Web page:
As we begin to curate our scalp care routines, we figured there’s no better time than now to get ahead (pun intended) on the facts. So, we reached out to Chelcey Salinger, an International Association of Trichologists-certified expert practising in Australia to help dispel some follicle misconceptions.
If you’re not familiar, a trichologist’s role is to diagnose hair loss and scalp conditions – scaliness, itching, redness and more – and to provide evidence-based treatments. Salinger entered the field after attending the World Trichology Conference in Canada, telling us, “People with hair loss always fear the worst and I enjoy dispelling their fears and being able to really help them.”
Here, Salinger shares her top three tips for a happy scalp.
1. Consider the ph of your shampoo
From skincare-inspired actives to shine-inducing oils, your shampoo and conditioner duo might be packed with hardworking ingredients, but their benefits may not pay off should the formula’s pH (its natural acidity) not match that of your scalp.
“The pH of the scalp is about 5.5,” explains Salinger. “Products that disturb this pH can also influence the balance of microbes on the scalp which, in turn, can cause scaling, itching and the like.
“Ideally, use shampoos that have a pH of about 5.5, or finish off your hair routine with a conditioning rinse that has a pH of about 5.5,” she advises.
While it can be tricky to find the pH of every hair product, some of our favourite pH-balanced formulas include Aveda’s Scalp Benefits™ Balancing Shampoo, Damage Remedy™ Restructuring Shampoo and Rosemary Mint Weightless Conditioner, Living Proof’s Restore Repair Mask and the Sans [ceuticals] pH + Shine Corrector.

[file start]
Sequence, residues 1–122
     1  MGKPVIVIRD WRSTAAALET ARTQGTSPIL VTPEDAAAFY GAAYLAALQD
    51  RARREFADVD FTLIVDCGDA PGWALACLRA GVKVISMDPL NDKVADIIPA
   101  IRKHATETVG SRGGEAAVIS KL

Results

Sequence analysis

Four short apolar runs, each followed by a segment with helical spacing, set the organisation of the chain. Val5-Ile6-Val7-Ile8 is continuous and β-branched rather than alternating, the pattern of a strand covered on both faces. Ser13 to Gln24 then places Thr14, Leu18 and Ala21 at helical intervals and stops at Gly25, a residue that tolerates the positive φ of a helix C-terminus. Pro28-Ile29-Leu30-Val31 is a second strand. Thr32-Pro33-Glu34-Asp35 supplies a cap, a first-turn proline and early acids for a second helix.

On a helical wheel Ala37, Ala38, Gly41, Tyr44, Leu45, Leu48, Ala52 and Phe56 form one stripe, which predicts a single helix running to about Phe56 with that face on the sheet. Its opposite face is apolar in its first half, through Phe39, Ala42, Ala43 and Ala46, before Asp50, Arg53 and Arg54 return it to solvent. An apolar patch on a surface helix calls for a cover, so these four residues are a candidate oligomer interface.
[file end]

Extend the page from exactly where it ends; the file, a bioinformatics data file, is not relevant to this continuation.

2. Dandruff and a dry scalp are two very different things
“A dry scalp and dandruff can look very similar, but their causes are different,” says Salinger. “Dandruff is scaling all over the scalp associated with a particular yeast called Malassezia globosa. Therefore, anti-dandruff shampoos aim to eliminate excessive yeast on the scalp.”
On the other hand, “a dry scalp may be a result of sunburn, a reaction to irritation from hair products, a side effect of the skin condition psoriasis or indicative of nutritional deficiencies.” If you wear tight twists, ponytails and braids for long periods of time, the trichologist notes that this can cause scaling of the scalp, too.
While changing up your hairstyle regularly and opting for pH-balanced products with argan, lavender, rosemary, coconut, neem and peppermint oils will help to nourish a dry scalp, formulas like Sachajuan’s Scalp Shampoo and Conditioner and Aveda’s Scalp Remedy™ Dandruff Solution will be best to treat dandruff.
3. Don’t feel pressured to prolong the time between washes
While some of us layer on the dry shampoo to delay a hair wash by an undisclosable number of days (*raises hand*), the idea that washing your hair more than once a week is ‘bad for you’ is actually a myth, according to Salinger.
Regular hair washing, whenever you feel the need, is totally fine “as long as your shampoo is at the pH of about 5.5,” she notes. As for rinsing-and-repeating? One round of thorough shampooing will cleanse the scalp sufficiently!